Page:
Young warm to Hockey’s super plan

Geny Y HomebuyingBy Steve Blizard   WA Business News  8 April 2015

It may not be popular in political or financial circles, but the treasurer’s call for a debate on the use of superannuation for housing resonates where it counts. 

Treasurer Joe Hockey’s call for a national debate on the merits of allowing younger people to access their superannuation to purchase their first home provoked some fairly strong reactions from both sides of politics.

Not many of them were positive, even from his side of politics.

Prime Minister Tony Abbott hedged his bets, Malcolm Turnbull and Senator Cory Bernadi criticised the idea, while former treasurer Peter Costello also came out strongly opposed.

Undeterred, Mr Hockey says similar home funding arrangements connected to personal retirement schemes work well in Switzerland, Singapore and Canada.

In early March, the treasurer released the 2015 Intergenerational Report, which highlighted that by 2055 there will be a shortage of workers to support an ever-growing number of non-workers.

While national retirement savings are growing, the government is spending $100 million daily more than it collects, and continues borrowing to meet this unsustainable shortfall.

It was in the wash-up of the Intergenerational Report that Mr Hockey suggested young Australians should have access to their superannuation accounts to acquire property.

He has flagged that a more flexible super system might even allow retirement savings accounts to be leveraged for property or even retraining.

The attacks from Labor came firstly from former PM and treasurer Paul Keating, who introduced compulsory superannuation (and actually floated the Hockey idea as a 1993 election policy), and then from treasury spokesman Chris Bowen, who labelled the idea a ‘thought bubble’.

They, like those Liberals opposed, argue superannuation should only be used for retirement.

Support

Finance columnist Daryl Dixon has questioned the self-serving lobbying by many in the compulsory superannuation industry, where the priority has been to control a steady stream of other people’s money, to feather-bed fund managers.

Mr Dixon argued that, while the US system grants a tax deduction for interest on home owner debt up to $1 million and provides no assistance to investors, the Australian tax system provides minimal assistance to owner-occupiers while offering unlimited tax deductions to investors.

Dale Alcock, managing director of leading Perth construction, property and finance company, ABN Group, said the rules needed changing to assist more first home buyers save for a house deposit.

“Many first home buyers will soon be at risk of losing sight of the Australian dream of home ownership without intervention from the federal government” Mr Alcock said.

He supports the call for allowing young people to access their superannuation as happens in Canada.

Under the Canadian scheme, first home buyers are able to access up to $25,000 from their superannuation, with the requisite safeguard in that the money must be repaid over 15 years.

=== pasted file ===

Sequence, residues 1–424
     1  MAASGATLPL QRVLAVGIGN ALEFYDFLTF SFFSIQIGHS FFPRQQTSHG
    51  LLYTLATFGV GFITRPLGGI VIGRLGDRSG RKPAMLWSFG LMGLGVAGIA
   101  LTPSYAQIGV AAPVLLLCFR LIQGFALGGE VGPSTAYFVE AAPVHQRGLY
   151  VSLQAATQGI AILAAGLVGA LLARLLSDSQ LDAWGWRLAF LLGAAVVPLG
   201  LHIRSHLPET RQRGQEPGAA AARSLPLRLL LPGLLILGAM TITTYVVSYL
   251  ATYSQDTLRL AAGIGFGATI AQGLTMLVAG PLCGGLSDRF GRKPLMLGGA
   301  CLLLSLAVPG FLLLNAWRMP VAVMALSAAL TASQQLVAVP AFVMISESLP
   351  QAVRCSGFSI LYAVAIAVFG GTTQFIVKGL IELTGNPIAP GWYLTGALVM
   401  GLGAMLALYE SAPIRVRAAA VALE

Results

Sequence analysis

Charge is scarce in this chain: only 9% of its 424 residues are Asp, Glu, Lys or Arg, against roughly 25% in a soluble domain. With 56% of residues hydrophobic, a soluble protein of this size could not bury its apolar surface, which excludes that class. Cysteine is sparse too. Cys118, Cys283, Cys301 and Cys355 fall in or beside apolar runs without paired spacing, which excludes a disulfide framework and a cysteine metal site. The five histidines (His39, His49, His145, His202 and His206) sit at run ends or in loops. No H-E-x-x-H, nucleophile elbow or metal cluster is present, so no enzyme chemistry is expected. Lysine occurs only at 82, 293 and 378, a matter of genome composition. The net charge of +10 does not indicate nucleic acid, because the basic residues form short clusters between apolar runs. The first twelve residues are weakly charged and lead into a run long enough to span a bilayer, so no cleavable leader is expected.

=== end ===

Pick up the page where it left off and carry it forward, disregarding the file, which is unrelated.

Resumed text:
“Given that a vast amount of people’s income goes into superannuation, this suggestion makes absolute sense,” Mr Alcock said.

Despite modelling by PwC claiming that changing super rules to fund housing would cost the government at least $500 million annually in lost revenue, Mr Hockey may well have found a way of broadening the coalition’s political base.

An Essential poll taken soon after Mr Hockey’s announcement suggested young people and Greens voters responded well to the idea.

While traditional coalition and Labor supporters are far less impressed, Greens voters back the treasurer’s proposal 50 per cent to 32 per cent, with those under age 24 backing the idea ‘very strongly’.

They realise that an asset-test free home is far more useful in retirement than having a Centrelink assessable super fund and renting.

The 2009 Harmer Pension Review found that only 3 per cent of home-owning single pensioners were in severe poverty compared with up to one quarter of those in rental accommodation.

Owning one’s home is so important in retirement, since there is no need to pay rent.

Following sound financial planning advice, many fund members arrange for the maximum drawdown to be paid as soon as it is available, often by telling their super fund trustee they have ‘retired’ at age 55.
After clearing their mortgage from super fund proceeds, they are back at work in no time.

Being mortgage free sets them up for retirement better than would super alone.

Fund engagement

One advantage of enabling first home buyers to access their super for a modest home deposit is that there is a tangible incentive for them to become actively engaged with their own fund.

The Australian Taxation Office has already appropriated more than $700 million in lost super accounts because many young people find their 50-year super fund to be quite intangible.

However, by enhancing the system, suddenly their fund has greater relevance as it allows them to use their savings to enter the housing market, which, in many ways, is a kind of tax-free superannuation in any event.

So whatever your view, the groundwork is being laid for a fascinating federal election campaign.

Steve Blizard – Roxburgh Securities
steve@blizard.com.au

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